In my case, I put up with it until I moved into a smaller home about 12 years ago. I decided I would use that change in situation to make it clear that my new home was not suitable to accommodate their dogs.
It has never caused any problem between us - they understand that when you don’t live with dogs yourself, then your house may not be kitted out to cope easily with other folk’s dogs.
I’m sure he will understand if you just explain to him.
I am going to stay with some relatives next week they straight off said they didn’t want a dog as they have an elderly cat .
Fair enough if I want to go I will have to make other arrangements for my dog .
I’d just tell him but don’t make it look as if you don’t want him any more
If he has quite a lot of friends, one of them might be OK with looking after the dog for a week-end anyway?
Personally, I’d just put up with the dog!
He usually stays for a long weekend so even in summer it would have to sleep in the house for a few nights.
Ask him to bring something for the dog to sleep on.
Even Buck house had corgis…
As it’s a member of the family I would put up with his dog .
You could move the cleaning day to be the day after he goes home. You could ask him to buy a dog pen to use when he visits so that the dog is not climbing all over the furniture or shedding on the carpet. Do you have a garage that the dog could sleep in? I’m sure there’s a way to compromise if you set some rules.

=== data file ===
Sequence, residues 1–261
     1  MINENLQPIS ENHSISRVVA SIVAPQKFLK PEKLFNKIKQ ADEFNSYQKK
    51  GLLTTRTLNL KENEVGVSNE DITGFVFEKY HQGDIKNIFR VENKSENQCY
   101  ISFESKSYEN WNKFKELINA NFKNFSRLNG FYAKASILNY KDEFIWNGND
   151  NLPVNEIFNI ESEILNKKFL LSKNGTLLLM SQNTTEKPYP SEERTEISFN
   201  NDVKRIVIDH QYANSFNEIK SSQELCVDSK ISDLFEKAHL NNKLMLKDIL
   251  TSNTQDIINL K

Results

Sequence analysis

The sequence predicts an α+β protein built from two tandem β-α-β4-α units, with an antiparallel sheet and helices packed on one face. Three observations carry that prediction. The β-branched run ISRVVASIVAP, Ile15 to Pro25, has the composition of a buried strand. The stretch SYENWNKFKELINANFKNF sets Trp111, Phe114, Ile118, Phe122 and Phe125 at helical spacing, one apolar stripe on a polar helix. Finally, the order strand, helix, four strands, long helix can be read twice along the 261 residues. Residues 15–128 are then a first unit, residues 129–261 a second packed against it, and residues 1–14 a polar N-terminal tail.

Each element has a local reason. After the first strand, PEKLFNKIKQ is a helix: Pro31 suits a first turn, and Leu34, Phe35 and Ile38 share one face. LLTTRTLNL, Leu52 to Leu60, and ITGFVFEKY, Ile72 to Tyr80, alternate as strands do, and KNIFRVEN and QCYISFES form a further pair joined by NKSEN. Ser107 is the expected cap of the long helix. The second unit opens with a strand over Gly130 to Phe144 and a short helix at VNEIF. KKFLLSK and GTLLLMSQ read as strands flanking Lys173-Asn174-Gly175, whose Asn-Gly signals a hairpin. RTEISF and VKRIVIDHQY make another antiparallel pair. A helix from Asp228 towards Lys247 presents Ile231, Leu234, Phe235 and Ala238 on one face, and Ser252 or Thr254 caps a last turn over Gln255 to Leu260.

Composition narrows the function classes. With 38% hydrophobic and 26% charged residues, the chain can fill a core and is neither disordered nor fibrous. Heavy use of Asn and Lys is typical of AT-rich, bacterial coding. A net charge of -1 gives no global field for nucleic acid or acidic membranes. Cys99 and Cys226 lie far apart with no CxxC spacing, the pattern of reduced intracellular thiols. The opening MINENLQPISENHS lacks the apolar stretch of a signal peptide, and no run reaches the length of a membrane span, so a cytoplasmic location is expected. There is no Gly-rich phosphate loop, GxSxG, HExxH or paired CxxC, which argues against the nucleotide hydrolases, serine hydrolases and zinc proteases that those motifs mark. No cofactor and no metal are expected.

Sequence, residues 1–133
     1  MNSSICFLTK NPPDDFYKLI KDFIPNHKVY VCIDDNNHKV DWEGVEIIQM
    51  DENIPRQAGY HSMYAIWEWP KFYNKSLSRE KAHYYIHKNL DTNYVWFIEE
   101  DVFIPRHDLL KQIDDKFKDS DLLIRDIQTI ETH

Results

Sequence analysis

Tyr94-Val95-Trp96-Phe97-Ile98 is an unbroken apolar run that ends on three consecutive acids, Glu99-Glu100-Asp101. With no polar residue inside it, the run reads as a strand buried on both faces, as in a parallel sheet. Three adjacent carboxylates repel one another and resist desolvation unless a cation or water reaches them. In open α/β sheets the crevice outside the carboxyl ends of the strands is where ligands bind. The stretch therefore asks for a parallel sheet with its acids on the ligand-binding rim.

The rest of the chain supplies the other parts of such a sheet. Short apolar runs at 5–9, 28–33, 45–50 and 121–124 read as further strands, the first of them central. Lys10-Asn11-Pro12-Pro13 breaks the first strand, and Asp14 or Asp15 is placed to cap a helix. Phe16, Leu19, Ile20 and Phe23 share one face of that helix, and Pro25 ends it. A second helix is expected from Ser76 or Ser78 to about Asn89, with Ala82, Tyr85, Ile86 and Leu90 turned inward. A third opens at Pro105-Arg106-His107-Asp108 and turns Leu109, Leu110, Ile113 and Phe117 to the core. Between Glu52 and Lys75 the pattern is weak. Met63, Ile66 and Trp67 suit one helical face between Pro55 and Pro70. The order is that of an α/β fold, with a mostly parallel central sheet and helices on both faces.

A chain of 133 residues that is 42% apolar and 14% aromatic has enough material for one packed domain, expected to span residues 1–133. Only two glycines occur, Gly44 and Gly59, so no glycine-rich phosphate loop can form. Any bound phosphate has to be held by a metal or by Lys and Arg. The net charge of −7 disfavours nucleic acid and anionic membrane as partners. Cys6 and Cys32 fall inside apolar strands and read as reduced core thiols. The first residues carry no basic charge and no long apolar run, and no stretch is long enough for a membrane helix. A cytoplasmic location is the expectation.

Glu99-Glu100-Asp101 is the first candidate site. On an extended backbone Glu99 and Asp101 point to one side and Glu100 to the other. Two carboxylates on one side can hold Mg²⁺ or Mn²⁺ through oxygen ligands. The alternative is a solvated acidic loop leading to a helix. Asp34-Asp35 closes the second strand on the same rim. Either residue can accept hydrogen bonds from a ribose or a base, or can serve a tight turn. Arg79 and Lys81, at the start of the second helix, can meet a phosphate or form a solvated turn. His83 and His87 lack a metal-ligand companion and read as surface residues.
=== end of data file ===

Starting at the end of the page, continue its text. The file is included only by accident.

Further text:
Yes, me too. As it happens most of our downstairs is laminate floors so it doesn’t mucky.
I would explain ASAP your house rules and maybe go and stay with
him and the dog.
Thank you kindly, Ripple. He is a gem and he loves people but I digress.
Politely but firmly.
It’s your house!
In your defence, I love dogs but they can be very messy. The days our dogs don’t leave dirty paw prints all over our floors , dirty our rugs and furniture , are few & far between but I wouldn’t trade them for anything. They enjoy their walks, as do we but they’re our dogs , our responsibility; which is much different.
That’s how I feel too! . I was talking to a shop worker who has had a major falling out with her adult daughter because she has bought two young dogs and wants to bring them to stay with her Mum a couple of hours away. The Mum says for the first time in her life she has exactly the kind of home she wants and she doesn’t want dogs in it. She has had dogs herself, she has had children and grandchildren but she has retired here to a bungalow they have had built with all new flooring, soft furnishings etc. She politely told her daughter that she was always welcome any time but without the dogs and the daughter has stopped speaking to her! I don’t want my relative falling out with us as we have supported them totally since they were bereaved and have got into this little pattern of him visiting for long weekends and he says he loves coming. I just don’t know how I would react if a dog peed on my new carpets or wiped itself along the bottoms of our curtains.